One of the hats I have worn during my career is "Head of Community" for Software Engineering. A few years ago, these were rare roles but these days we're seeing them pop up more often. Since we at Macmillan are currently recruiting for one, I thought I'd write a bit about why they are a Good Thing, despite the rather strange mix of requirements. This post is not sponsored!
So, you have a Software Engineering group. Why should you hire a Head of Community?
If you've hired developers and other technologists, you know they are hard to bring in and retain. A typical developer role last to about three years before they move on and when they do, they not only take their professional expertise they also take all the knowledge of the organisation's technical estate and business problems that has accumulated in their heads. This is expensive for a variety of reasons and surely we can do better?
Your organisation has almost certainly been describing itself as proudly investing in its people (everyone does, whether it's true or not). If we care about people, why are any initiatives done as extra work by people who have a heart for that kind of thing? Why are these extras the first thing to go when time is squeezed? Why is there not someone with clear space to think strategically and holistically about essential problems like careers, recruitment, support, mentoring, and so on? These often are shunted off to organisation-wide initiatives, which is good as far as they go, but these areas require specialist knowledge born of experience to be credible.
A Head of Community role brings together professional expertise (and another senior technologist never hurts) with the mandate to improve the lives of the technologists in their community. Happy people are less likely to leave, which obviously is a good thing for retention. They can devote time to finding diverse sources of recruitment and reaching people who might otherwise be overlooked. Furthermore, getting the basics in place across the whole organisation saves considerable effort in recruitment and performance management and enables a consistent experience for all those working there.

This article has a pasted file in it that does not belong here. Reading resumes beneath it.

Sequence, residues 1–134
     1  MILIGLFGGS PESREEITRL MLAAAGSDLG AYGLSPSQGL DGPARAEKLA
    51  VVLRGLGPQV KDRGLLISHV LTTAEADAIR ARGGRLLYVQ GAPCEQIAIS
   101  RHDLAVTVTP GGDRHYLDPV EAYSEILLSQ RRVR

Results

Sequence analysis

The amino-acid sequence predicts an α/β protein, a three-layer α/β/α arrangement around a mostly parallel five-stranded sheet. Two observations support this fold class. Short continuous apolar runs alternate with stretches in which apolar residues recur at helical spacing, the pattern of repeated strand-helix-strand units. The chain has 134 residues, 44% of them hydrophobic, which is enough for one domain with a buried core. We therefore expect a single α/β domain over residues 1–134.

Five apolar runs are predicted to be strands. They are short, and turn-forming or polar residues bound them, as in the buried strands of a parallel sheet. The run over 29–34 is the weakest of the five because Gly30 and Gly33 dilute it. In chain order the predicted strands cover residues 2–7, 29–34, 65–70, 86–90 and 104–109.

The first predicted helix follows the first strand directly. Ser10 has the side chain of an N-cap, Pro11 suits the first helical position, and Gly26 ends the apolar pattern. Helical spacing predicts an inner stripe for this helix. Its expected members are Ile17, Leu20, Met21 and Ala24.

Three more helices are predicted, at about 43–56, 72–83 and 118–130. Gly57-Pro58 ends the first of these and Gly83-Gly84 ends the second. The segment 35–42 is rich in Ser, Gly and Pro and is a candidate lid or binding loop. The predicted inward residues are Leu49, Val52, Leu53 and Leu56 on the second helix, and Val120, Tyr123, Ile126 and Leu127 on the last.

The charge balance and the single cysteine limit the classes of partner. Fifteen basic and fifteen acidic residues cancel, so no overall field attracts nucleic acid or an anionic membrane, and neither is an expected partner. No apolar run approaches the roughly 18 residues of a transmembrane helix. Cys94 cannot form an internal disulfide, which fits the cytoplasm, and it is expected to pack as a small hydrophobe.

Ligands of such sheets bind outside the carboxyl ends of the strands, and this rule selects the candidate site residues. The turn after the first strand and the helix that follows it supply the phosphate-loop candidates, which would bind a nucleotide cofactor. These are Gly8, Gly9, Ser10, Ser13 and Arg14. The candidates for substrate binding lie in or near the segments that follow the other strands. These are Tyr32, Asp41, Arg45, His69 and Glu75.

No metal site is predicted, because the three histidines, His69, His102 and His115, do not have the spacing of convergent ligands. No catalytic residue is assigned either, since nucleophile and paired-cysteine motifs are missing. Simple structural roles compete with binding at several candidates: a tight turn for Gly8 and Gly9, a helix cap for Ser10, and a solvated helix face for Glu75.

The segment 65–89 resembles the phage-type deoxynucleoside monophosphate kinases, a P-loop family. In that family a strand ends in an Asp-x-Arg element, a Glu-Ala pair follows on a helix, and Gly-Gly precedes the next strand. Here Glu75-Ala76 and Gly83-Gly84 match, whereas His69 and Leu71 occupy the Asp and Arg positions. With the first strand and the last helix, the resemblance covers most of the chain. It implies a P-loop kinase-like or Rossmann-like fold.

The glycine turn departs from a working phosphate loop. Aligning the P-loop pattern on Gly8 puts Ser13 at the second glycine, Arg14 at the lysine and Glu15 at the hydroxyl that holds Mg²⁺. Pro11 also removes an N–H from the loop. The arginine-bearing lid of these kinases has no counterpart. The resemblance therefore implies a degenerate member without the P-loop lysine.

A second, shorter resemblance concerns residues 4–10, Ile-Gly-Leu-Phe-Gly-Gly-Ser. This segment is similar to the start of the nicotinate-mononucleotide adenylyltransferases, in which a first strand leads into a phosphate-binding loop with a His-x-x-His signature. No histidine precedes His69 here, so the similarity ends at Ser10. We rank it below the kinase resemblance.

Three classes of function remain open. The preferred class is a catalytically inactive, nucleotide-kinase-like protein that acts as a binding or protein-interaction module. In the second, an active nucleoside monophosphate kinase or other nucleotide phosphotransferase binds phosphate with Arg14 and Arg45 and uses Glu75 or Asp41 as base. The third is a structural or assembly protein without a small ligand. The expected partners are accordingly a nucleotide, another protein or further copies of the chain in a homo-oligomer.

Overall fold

Fundamentally, Head of Community roles are about putting our money where our mouth is when we talk about valuing people.
Ok - you're a lead developer, or an engineering manager or some other technical leader. Why should you consider being a Head of Community?
Personally, I see it partly as giving back. Everyone with experience in technology has had to gain that experience somehow. We've all had our first job, made our junior mistakes, and so on. This is not an easy process for most. Technology is a famously hostile and toxic field, and some have it far worse than others. And yet, technology underpins most of the modern world. There is no shortage of work - there is enough of a shortfall in people to do the work that the government set up the Institute of Code to look at the problem. But Computer Science graduates struggle to find work. Why is this? Why can't people get into an industry crying out for workers?
As an industry, we can do better. We must be thinking about the next generations of technologists. It's as important to the sustainability of the industry as making sure our code is well written and understandable in the future. Roles such as the Head of Community roles are created to give space to enable specifically this - to grapple with problems like "how do we recruit juniors in a safe way?" or "how do our people grow?".
Maybe this isn't enough - you'd rather be writing code. Understandable, but what about in five years? Ten? Do you want to be hands-on your entire career? If not, what is next? If you want to progress into senior leadership you need experiences beyond the hard technical. People-oriented roles such as a Head of Community enable broader learning, dealing with HR challenges and issues, line management and operating at a wider scale through people. However there is still a requirement for technical understanding, so do not require stepping entirely into a different career. For someone who wants to be a Director or CTO, this kind of experience can be extremely valuable.
If all this sounds interesting, a reminder that we're currently hiring a Head of Technical Community at Macmillan.